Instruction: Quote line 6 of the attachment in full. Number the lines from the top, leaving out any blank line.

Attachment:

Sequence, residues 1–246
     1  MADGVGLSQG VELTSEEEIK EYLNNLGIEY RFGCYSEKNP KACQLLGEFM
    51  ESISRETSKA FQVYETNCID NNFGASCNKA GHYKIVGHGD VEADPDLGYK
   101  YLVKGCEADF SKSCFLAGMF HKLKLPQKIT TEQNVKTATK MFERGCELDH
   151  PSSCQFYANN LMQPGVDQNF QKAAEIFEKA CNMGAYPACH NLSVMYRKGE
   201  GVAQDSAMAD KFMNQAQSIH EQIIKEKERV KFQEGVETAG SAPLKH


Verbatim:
   201  GVAQDSAMAD KFMNQAQSIH EQIIKEKERV KFQEGVETAG SAPLKH